But Agile became a trend in management and, like all trends, it is dying. It is no longer seen as fashionable.
I suggested the other day that the title for our new book should be _Agile Unleashed_. Ward said that this may not be wise.
I am not so sure I agree with him. Yes, as a fashion it has become tattered, but that doesn't mean that the original meaning can't be reclaimed. But to do so, it must be more clearly defined. Much like we sought to do with Creative Genius.
Agile lost its way when it was absorbed into the dominant corporate culture. A culture defined to maximize production efficiency. What Laloux refers to as "Orange" organizations. more here
Organizations that, at their core, are defined by Taylorism.
To cash in on agile, consultants sold practices to companies with the promise of increasing production efficiencies for code development. It became a management fad often with inflated expectations. Once deflated, cynicism took root threatening to doom agile to the dustbin of history.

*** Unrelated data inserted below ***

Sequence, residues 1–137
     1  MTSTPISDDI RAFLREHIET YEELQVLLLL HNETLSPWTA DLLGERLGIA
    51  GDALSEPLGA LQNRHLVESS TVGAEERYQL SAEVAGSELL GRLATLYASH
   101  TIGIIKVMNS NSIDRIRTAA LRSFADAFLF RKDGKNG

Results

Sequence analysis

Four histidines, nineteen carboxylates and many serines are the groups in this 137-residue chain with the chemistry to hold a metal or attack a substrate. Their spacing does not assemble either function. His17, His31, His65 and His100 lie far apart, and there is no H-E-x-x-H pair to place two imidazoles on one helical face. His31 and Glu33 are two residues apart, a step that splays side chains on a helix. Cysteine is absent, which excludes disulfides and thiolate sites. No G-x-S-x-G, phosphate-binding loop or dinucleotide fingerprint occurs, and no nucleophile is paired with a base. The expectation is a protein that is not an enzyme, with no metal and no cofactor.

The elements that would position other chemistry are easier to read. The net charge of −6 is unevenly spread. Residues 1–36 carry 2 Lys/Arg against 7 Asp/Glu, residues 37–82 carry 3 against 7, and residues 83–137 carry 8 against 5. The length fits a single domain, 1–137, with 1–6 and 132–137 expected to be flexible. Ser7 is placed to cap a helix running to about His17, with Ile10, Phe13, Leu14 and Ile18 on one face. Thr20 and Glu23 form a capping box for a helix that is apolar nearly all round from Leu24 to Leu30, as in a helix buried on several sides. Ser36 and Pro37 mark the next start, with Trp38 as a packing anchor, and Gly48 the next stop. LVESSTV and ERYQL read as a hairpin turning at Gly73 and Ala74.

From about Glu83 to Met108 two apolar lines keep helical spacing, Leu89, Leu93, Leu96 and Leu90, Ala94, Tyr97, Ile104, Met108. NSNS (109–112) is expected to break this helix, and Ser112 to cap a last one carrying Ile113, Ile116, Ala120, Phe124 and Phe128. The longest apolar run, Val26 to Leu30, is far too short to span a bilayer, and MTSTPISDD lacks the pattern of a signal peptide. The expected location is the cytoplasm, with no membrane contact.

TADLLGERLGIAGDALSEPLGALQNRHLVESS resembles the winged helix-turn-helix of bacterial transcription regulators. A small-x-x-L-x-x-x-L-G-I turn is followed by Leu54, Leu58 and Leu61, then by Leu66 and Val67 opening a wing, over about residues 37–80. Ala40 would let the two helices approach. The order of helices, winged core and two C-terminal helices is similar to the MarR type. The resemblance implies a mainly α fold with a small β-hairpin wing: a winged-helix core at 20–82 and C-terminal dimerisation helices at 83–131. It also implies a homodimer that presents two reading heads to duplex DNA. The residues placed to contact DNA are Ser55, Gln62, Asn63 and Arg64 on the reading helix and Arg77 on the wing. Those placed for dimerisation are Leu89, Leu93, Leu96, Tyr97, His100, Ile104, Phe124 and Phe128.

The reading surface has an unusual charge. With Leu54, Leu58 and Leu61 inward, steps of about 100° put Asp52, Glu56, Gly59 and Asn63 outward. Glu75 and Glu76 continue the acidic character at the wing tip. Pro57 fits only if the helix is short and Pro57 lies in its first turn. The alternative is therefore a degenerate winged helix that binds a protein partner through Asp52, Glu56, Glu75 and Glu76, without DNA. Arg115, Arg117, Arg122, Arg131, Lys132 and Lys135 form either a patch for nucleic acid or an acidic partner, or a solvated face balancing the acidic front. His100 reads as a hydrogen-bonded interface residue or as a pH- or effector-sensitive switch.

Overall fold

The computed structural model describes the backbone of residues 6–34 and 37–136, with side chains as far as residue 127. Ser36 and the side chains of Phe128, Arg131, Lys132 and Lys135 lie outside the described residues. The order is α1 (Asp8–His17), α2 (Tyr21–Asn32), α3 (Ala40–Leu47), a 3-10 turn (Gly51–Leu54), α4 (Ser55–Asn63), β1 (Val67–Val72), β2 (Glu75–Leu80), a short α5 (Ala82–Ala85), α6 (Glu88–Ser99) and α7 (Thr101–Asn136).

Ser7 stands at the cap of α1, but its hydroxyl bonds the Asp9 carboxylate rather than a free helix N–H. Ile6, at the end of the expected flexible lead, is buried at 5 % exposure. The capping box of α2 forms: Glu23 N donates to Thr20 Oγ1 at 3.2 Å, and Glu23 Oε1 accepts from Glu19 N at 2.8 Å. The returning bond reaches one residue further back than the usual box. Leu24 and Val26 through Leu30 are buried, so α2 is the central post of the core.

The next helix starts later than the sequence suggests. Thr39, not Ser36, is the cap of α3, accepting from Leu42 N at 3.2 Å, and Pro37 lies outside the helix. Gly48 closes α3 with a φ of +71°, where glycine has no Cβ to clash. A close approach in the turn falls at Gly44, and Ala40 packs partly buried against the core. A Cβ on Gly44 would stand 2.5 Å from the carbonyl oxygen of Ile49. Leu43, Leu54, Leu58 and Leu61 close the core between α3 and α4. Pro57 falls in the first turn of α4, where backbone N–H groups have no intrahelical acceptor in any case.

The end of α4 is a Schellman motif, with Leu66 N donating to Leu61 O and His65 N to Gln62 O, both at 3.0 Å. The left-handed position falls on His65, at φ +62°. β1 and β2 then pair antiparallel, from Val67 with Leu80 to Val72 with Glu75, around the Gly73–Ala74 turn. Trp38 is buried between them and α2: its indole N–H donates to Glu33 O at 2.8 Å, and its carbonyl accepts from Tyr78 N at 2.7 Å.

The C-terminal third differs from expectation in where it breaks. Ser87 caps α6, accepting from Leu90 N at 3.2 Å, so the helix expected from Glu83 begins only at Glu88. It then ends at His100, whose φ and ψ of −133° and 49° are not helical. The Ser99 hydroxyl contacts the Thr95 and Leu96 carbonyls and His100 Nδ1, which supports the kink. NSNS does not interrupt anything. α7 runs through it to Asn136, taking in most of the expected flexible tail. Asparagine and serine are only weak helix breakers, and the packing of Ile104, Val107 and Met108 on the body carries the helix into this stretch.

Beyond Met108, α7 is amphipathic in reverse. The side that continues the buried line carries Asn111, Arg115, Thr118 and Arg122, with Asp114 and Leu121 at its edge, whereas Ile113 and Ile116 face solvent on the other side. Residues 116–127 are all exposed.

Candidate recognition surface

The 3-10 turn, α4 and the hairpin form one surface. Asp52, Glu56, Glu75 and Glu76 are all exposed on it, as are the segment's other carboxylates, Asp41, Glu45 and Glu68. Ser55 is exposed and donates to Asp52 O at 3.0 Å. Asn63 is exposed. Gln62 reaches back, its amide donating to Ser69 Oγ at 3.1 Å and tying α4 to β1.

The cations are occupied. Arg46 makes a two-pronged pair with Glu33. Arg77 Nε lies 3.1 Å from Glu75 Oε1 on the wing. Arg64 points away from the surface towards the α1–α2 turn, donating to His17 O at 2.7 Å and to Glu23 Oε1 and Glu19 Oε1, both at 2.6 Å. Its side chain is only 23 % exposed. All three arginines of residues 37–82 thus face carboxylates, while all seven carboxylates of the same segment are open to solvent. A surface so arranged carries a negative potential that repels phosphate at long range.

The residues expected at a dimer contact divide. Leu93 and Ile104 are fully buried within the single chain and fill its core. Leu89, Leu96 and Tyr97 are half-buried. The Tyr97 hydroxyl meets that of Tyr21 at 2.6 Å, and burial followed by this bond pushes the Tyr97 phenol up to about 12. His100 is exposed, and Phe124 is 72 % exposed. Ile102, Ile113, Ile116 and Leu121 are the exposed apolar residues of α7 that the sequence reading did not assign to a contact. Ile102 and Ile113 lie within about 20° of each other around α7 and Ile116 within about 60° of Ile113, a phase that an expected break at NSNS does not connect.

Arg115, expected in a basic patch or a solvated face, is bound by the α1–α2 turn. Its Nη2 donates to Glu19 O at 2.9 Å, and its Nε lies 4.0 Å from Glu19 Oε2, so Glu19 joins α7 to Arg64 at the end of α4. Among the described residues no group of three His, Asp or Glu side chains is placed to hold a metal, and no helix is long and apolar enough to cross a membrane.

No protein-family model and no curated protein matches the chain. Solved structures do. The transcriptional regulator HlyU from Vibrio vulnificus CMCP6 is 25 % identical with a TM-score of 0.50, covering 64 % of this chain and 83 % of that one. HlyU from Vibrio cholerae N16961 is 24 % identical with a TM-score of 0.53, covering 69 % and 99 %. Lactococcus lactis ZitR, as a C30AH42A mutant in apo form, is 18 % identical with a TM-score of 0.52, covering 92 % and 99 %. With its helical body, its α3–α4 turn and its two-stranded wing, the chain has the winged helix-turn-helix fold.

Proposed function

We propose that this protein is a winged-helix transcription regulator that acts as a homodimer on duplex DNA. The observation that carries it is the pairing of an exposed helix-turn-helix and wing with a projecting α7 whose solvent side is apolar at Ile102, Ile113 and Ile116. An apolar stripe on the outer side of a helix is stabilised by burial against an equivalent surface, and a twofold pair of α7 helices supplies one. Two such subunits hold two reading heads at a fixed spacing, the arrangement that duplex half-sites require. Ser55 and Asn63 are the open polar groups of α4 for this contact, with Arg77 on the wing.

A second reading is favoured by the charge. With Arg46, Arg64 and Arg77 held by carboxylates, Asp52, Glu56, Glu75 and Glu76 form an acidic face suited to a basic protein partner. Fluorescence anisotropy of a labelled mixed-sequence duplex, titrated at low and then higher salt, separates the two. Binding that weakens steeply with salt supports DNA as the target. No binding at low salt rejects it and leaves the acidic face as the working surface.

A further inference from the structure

In education, we know this pattern well, for many "solutions" faced the same fate. Mention "proficiency grading" to most educators and they will visibly squirm.
But the fact that agile has been missold does not mean that its transformative meaning is lost. We must reclaim it.
To do so, we need to dive deep, not only to the mindset but, I would argue, the consciousness that emerged from it. A consciousness that has been hidden to many but, I believe, has the potential to be illuminated.
That is our commission.
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